News / Middle East

Hezbollah Militants Killed in Syria, Activists Say

Citizen journalism image provided by Qusair Lens, which has been authenticated based on its contents and other AP reporting, shows Syrians inspecting the rubble of damaged buildings due to government airstrikes, in Qusair, Homs province, Syria, May 18, 201Citizen journalism image provided by Qusair Lens, which has been authenticated based on its contents and other AP reporting, shows Syrians inspecting the rubble of damaged buildings due to government airstrikes, in Qusair, Homs province, Syria, May 18, 201
x
Citizen journalism image provided by Qusair Lens, which has been authenticated based on its contents and other AP reporting, shows Syrians inspecting the rubble of damaged buildings due to government airstrikes, in Qusair, Homs province, Syria, May 18, 201
Citizen journalism image provided by Qusair Lens, which has been authenticated based on its contents and other AP reporting, shows Syrians inspecting the rubble of damaged buildings due to government airstrikes, in Qusair, Homs province, Syria, May 18, 201
TEXT SIZE - +
VOA News
Syrian activists say at least 23 Hezbollah militants have been killed in fighting for the town of Qusair, as Syrian forces press a weeks-long offensive to recapture the strategic area from rebels.

The Britain-based Syrian Observatory for Human Rights reported the deaths of the Lebanon-based militants Monday, saying more than 70 others were wounded.

Qusair is located along the Syrian-Lebanese border, and links Syria's capital Damascus to the Mediterranean coast.  There was no independent confirmation of who controlled the town Monday.  Controlling it would solidify President Assad's access to coastal regions largely inhabited by his minority Alawite sect.   Qusair also has formed part of a cross-border smuggling route for rebels.

Syrian state media said the army had "restored security" to most of Qusair and was pursuing "terrorist groups" in the town.  Syria uses the term "terrorists" to describe the rebels fighting a two-year war to oust President Bashar al-Assad.

  • Syria's President Bashar al-Assad (L) speaks with Shukri Bin Suleiman Harmasi (R), secretary general of the Tunisian Immutable Principles Party, during a meeting in Damascus, May 23, 2013.
  • A Syrian rebel fires shells against government forces in Idlib, northern Syria, May 23, 2013.
  • Security forces loyal to Syria's President Bashar al-Assad take part in a field exercise at an undisclosed location, May 22, 2013. (SANA via Reuters)
  • This citizen journalism image provided by Qusair Lens shows people gathered by houses that were destroyed in an airstrike in Qusair, Homs province, Syria, May 21, 2013.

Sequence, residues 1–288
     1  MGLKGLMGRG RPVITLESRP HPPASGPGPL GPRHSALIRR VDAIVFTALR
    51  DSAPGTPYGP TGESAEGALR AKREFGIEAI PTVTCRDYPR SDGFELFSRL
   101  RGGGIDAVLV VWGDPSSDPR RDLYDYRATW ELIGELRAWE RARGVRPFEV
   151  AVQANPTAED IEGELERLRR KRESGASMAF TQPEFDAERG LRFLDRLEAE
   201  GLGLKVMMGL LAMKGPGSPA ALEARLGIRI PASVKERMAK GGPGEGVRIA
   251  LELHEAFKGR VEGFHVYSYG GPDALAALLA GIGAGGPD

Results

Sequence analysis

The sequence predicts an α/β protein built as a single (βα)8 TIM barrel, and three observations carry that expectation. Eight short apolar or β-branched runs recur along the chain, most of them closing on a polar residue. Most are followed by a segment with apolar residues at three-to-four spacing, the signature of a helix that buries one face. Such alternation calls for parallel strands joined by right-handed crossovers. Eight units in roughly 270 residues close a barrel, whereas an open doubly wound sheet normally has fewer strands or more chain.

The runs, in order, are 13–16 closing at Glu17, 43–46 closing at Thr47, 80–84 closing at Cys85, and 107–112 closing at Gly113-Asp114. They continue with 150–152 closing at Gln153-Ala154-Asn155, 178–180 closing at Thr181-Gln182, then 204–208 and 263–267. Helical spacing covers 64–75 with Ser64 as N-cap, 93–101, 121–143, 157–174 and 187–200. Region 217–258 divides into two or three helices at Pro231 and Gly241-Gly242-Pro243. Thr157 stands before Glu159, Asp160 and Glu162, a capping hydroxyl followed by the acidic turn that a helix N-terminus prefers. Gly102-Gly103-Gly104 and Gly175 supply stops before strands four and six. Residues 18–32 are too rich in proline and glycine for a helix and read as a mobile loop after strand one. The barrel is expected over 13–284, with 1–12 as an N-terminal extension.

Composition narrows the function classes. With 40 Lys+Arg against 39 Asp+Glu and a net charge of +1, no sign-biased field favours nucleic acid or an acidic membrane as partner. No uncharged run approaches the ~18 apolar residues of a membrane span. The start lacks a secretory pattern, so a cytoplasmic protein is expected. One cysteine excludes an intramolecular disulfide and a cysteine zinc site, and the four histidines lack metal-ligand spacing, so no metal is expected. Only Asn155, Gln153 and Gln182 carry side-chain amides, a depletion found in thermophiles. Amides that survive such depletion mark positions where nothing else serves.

• This citizen journalism image provided by Qusair Lens shows a man checking his house that was damaged by an airstrike, Qusair, Homs, Syria, May 21, 2013.
  • This citizen journalism image provided by Qusair Lens shows rebels preparing to repel an attack by government forces, in Qusair, Homs province, Syria, May 19, 2013.
  • This citizen journalism image provided by Qusair Lens shows Syrians inspecting the rubble of buildings damaged in government airstrikes, in Qusair, Homs province, Syria, May 18, 2013.
  • A Free Syrian Army fighter fires back at the Syrian Army, Deir al-Zor, May 19, 2013.
  • People travel on the back of a pickup truck in Deir al-Zor, Syria, May 19, 2013.
  • Members of the Free Syrian Army cook food, Deir al-Zor, May 19, 2013.

The Reuters news agency quoted opposition activists saying rebel fighters had pushed back the government forces.

As Syrian refugees continue to stream into Jordan and Lebanon, the international aid group Oxfam warned that warmer summer weather will increase health-related risks due to a lack of shelter, water and basic sanitation.

Related video report by Scott Bobb
Syrian Rebels Suffer Setbacks From Fighting in Town Near Lebanon Borderi
X
May 20, 2013 7:53 PM
Syrian government troops backed by fighters from Lebanon's Hezbollah movement have been in fierce battles in the rebel-held town of Qusair after weeks of fighting. Many wounded rebels are being treated across the nearby border in northern Lebanon. VOA's Scott Bobb spoke to some of them in Tripoli and has this report.
Increased cases of public health-related diseases such as diarrhea and skin infections have already been recorded in host communities and temporary settlements, where an increasing number of refugees now live.

In Lebanon's Bekaa Valley alone, there are now some 240 tented settlements, six times the number recorded in January.

As of May 2013, some 635,000 people are in need of assistance in Lebanon - both refugees and host communities - and Oxfam says it anticipates this number to increase to over 740,000 by November.

More than 80,000 people have been killed and several million displaced since the start of the rebellion against Assad in March 2011.

Some information for this report was provided by AP, AFP and Reuters.

You May Like

Video Pope Francis Hopes Dual Canonizations Will Reconcile Church

John the XXIII and John Paul II will be made saints in a ceremony at St. Peter’s Square on April 27 More

Thailand Reacts to Plots Targeting Israelis

Authorities hope arrest of two Lebanese suspects will disrupt plot to attack young Israeli tourists More

Video In Capturing Nature's Majesty, Film Makes Case for Its Survival

'Once Upon a Forest' takes viewers deep into heart of tropical rainforest More

This forum has been closed.
Comment Sorting
Comments
     
by: Kafantaris from: USA
May 20, 2013 2:45 PM
“They're defending their fields, their land.”
“But those [Hezbollah] aggressors, what goal do they have? It’s not their town."
Dr. Zahereddine, whose brother is in Qusayr fighting with the Rebels.


by: Godwin from: Nigeria
May 20, 2013 10:30 AM